Columbia, S.C., Bans 'Use' Of Bump Stocks
RACHEL MARTIN, HOST:
All right. Let's shift our attention to Columbia, S.C., which has now become one of the first U.S. cities to ban the use of so-called bump stocks. That's the firearm attachment that enables a semi-automatic rifle to fire more quickly. The man who killed 58 people in Las Vegas in October used a gun that was equipped with a bump stock, so he was able to fire about 90 shots in 10 seconds. That's comparable to the speed of fully automatic rifles, which have long been illegal under federal law. Columbia Mayor Steve Benjamin proposed this new ordinance, and he is on the line now.
Thanks so much for being with us, Mr. Mayor.
STEVE BENJAMIN: Rachel, thank you so much for having me.
MARTIN: This measure, as I understand it - this is not an outright ban, right? It is still legal to own and sell bump stocks in Columbia. You just can't use them.
BENJAMIN: It was important for us to make sure that we crafted an ordinance that was both constitutionally and statutorily sound. The Second Amendment is at least fairly clear and so are our state laws. So yes, we cannot ban them - ownership of them outright. We could prohibit their use in the city and their attachment to a legal firearm. And that's what we did in this ordinance. It is now under state law. All we can do is issue a misdemeanor. So someone who attaches one would be guilty of a misdemeanor and subject to a fine and 30 days in jail in Columbia, S.C.
MARTIN: So South Carolina law prohibits local governments from regulating firearms or firearm components. Is that what prevented you from pushing an all - a full ban?
BENJAMIN: Exactly. And we are pre-empted from regulating firearms or ammunition or even component parts and we - and our interpretation, which we believe is pretty strong, is that this is not a component part. This isn't a $30 attachment that someone can add to a gun that changes the nature of it. And we feel pretty good about the ordinance and the strength of it. And if in fact it is challenged legally, we're fully prepared to defend it.
MARTIN: Are you - is that likely to happen? I mean, what has been the response to this?
BENJAMIN: The response has been overwhelmingly positive, and it's been reassuring. You know, some of the emails and other types of messages - there were a few text messages, online communications on Twitter and other media - has been - it started, you know, I'm a strong supporter of the Second Amendment, I'm a Republican, I'm military, what have you. And then they all say, but there's no reason that these things should be on our streets. You know, the reality is this - after every single heinous crime, whether it be Sandy Hook or Vegas or Texas or, you know, Orlando, people always say that a good guy with a gun could've done something about this. Well, the reality is that on our city council there are whole lots of good guys who have guns and just thought that other than the argument being so constantly polarized that people who are strong supporters of the Second Amendment but also strong supporters of downright good common sense should step up and do something. And we thought Columbia, S.C., might be a great place to start.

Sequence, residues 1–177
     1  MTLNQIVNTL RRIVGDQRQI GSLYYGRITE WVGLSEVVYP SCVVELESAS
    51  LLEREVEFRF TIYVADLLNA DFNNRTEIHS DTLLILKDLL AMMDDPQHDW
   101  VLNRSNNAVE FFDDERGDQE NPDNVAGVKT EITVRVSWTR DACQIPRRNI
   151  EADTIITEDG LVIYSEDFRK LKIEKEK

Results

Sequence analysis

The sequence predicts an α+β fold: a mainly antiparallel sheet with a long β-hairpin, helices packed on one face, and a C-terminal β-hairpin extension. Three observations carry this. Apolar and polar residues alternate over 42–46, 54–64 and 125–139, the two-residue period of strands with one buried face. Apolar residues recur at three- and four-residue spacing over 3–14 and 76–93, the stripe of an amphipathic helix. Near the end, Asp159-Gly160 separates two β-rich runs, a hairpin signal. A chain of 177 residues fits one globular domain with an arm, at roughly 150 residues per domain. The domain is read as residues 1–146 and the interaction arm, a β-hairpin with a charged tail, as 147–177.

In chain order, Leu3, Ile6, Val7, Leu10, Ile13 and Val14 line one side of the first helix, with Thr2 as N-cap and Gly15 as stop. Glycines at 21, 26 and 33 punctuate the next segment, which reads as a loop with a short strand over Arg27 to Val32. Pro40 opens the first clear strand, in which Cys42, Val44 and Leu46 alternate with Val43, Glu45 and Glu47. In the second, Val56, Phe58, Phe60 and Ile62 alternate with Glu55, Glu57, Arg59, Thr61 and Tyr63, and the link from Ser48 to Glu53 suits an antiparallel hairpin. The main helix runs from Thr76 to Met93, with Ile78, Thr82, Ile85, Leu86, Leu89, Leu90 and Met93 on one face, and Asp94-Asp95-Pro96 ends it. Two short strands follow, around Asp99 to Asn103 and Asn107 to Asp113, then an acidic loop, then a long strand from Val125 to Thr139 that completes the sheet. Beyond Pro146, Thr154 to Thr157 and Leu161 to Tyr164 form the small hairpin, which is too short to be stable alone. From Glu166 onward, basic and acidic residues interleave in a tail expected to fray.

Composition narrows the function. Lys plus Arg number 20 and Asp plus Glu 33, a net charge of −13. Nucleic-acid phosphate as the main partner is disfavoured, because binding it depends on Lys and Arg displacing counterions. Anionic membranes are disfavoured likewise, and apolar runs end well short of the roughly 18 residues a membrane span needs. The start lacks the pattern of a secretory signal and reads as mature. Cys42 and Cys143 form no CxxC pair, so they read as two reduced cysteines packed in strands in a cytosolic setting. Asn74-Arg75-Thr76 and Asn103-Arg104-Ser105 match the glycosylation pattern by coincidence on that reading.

MARTIN: Steve Benjamin - he is the mayor of Columbia, S.C. They've become one of the first U.S. cities to ban the use of bump stocks. Thanks so much for your time this morning.
BENJAMIN: Rachel, thank you.
[POST-BROADCAST CORRECTION: During this report, we say that automatic rifles have long been illegal under federal law. In fact, there are legal ways to obtain such weapons, although such sales are severely restricted.]
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Correction Dec. 21, 2017
During this report, we say that automatic rifles have long been illegal under federal law. In fact, there are legal ways to obtain such weapons, although such sales are severely restricted.